The lawsuit refers to three incidents between 2015 and 2016 for which IPD issued notices of discipline against Crews, the officer said. Crews claims IPD issued the discipline notices — including one for using “the f-word” in a private conversation, the lawsuit said — as retaliation for her speaking out against the search and supervision policies.

In one of the three incidents described in the lawsuit, Crews said she was called to the IPD headquarters last June to search a woman who had been arrested. When she arrived, she saw that there were multiple male, heterosexual officers who she said could have searched the arrestee.

“There and then, Crews realized that the IPD was using the stereotypical policies to highlight her gender-nonconformity, ostracize her from her peer group, make her uncomfortable, and discriminate against her,” the lawsuit said. “Crews started crying.”

A lieutenant saw Crews crying and asked her to come into his office, according to the suit, but did not again order her to search the arrested woman. Crews received a notice of discipline for insubordination seven weeks later, she said.

The lawsuit said IPD’s staff is overwhelmingly composed of heterosexual men, in contrast to the more diverse population it serves.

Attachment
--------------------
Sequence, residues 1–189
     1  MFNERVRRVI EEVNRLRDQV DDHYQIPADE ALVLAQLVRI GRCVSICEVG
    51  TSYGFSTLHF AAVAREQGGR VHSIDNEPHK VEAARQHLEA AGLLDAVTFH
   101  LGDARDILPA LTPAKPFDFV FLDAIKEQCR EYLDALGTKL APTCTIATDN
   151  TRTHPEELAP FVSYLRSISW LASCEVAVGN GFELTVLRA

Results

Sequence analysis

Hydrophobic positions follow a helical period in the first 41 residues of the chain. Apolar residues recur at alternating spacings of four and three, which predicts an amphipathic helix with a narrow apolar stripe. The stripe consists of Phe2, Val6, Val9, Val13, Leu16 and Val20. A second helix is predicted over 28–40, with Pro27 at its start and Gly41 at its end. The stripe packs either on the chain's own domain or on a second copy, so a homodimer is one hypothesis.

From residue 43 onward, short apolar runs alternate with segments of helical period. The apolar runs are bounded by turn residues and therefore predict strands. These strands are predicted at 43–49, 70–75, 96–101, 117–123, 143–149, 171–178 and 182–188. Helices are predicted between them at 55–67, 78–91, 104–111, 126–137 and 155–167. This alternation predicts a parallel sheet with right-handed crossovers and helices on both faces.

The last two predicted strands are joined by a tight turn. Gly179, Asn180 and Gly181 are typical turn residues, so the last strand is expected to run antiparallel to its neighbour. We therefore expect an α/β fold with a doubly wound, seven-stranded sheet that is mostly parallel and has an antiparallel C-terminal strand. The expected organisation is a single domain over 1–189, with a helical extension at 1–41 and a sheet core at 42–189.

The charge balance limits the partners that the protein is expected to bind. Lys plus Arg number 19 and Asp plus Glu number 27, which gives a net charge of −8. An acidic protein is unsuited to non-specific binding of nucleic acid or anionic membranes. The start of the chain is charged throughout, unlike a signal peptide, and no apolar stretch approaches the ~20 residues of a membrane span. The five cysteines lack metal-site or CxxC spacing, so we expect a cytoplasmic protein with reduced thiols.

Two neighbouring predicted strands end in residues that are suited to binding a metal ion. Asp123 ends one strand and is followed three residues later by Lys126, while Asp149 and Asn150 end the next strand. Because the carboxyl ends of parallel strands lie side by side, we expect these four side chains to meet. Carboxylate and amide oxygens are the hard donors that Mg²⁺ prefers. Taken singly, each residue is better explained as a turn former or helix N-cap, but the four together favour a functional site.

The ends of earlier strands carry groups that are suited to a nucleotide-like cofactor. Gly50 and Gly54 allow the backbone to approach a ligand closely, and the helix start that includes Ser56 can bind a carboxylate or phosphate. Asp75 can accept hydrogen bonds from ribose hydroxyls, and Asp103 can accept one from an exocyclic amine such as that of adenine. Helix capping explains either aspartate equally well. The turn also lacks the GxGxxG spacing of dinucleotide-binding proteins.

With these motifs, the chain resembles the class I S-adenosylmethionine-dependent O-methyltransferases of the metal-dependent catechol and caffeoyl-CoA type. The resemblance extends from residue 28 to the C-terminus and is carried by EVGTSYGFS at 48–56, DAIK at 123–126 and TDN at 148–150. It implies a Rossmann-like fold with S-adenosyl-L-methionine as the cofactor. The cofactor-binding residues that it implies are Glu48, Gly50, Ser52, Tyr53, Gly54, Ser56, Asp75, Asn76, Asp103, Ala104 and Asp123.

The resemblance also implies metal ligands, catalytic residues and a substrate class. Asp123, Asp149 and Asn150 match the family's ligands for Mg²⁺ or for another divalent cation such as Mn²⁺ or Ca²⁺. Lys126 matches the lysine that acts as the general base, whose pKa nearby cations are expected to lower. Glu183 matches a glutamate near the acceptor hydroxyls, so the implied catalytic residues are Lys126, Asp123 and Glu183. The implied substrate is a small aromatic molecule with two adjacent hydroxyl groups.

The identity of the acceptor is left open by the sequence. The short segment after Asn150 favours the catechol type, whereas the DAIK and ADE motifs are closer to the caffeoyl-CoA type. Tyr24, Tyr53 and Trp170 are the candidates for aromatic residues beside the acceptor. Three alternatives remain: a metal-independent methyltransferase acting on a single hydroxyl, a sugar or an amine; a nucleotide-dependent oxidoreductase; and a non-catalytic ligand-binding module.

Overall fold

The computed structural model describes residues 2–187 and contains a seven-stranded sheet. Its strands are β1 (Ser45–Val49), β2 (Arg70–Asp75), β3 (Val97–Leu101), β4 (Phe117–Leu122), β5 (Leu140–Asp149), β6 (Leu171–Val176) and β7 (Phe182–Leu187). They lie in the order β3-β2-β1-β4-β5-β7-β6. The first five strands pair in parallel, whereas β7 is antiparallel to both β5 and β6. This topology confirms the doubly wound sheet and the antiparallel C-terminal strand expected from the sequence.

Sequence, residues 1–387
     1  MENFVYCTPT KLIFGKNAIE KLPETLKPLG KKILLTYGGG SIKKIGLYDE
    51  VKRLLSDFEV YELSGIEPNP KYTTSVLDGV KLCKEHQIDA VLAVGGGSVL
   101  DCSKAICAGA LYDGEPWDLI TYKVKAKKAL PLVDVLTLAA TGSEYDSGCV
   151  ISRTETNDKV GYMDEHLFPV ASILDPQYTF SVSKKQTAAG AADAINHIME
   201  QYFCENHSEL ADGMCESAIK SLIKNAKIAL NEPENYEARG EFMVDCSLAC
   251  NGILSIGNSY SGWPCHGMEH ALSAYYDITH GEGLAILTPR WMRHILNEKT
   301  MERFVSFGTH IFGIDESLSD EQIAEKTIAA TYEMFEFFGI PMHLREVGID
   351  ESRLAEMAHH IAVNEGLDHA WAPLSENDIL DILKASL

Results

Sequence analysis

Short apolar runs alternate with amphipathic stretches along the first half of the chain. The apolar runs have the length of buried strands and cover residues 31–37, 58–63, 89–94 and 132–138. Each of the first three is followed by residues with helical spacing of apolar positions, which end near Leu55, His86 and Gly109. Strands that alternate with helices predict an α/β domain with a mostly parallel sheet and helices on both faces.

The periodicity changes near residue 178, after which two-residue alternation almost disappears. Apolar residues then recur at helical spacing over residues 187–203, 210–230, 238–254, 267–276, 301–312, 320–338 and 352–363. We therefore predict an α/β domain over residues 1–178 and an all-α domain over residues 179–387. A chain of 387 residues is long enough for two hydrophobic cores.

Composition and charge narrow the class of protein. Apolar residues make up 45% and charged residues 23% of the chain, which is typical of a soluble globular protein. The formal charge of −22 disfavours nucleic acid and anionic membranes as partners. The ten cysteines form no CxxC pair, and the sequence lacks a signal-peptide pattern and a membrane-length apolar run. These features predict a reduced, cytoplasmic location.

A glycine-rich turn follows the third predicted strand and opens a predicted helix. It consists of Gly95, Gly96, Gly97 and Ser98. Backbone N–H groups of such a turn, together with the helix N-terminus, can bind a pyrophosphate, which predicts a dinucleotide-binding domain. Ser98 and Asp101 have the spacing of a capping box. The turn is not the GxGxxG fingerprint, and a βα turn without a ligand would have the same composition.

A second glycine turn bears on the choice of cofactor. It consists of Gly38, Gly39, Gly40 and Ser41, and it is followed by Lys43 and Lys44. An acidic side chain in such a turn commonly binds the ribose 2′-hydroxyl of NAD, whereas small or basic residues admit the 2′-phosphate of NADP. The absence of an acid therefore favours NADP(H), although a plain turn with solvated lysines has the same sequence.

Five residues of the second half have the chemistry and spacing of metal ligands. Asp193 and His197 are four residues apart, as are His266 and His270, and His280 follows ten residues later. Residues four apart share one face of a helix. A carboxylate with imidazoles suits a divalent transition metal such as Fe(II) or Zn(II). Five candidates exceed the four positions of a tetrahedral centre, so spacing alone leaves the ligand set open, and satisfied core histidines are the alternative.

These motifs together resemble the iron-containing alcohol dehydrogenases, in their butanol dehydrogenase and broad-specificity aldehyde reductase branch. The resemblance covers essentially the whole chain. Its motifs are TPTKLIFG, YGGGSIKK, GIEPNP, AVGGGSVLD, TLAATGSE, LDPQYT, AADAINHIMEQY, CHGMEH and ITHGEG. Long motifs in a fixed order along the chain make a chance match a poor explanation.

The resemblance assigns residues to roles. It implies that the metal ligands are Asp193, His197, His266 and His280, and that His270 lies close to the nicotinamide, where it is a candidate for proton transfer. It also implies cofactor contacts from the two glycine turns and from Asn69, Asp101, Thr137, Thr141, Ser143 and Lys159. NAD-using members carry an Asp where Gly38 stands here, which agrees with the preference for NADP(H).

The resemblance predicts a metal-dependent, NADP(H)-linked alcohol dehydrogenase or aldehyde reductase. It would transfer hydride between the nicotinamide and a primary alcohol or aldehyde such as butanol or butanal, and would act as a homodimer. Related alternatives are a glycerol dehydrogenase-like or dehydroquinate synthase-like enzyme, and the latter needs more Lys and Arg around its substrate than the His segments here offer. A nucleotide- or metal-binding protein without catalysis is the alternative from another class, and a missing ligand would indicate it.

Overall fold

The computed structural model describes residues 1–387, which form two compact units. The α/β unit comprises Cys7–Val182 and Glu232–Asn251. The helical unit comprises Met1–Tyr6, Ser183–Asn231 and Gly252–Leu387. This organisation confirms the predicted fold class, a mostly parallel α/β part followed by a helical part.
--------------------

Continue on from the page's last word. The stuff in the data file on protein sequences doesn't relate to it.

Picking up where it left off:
Crews’ union attorney proposed to an Ithaca City attorney that IPD create a policy that protects arrestees and arresting officers against sexual orientation, gender and sex discrimination, but the request was ignored, according to the lawsuit. A member of the Ithaca City Attorney’s office did not respond to an interview request on Monday.

In a 2015 interview with The Ithaca Times, Chief Barber said he would not tolerate any discrimination by employees of the department and said he had directed police staff to report any discrimination by their colleagues.

“Complaints will be investigated vigorously and with as much transparency as practical,” he said. “I will not tolerate any deviation from this. Period. The people in our community are our greatest asset and they will not be treated with anything less than dedication, professionalism, and courtesy.”

An initial conference for the case — Crews v. The City of Ithaca et al. — is set to take place before Magistrate Judge David E. Peebles on June 2 in Binghamton. Mae D’Agostino, a U.S. District Judge for the Northern District of New York, is presiding over the case.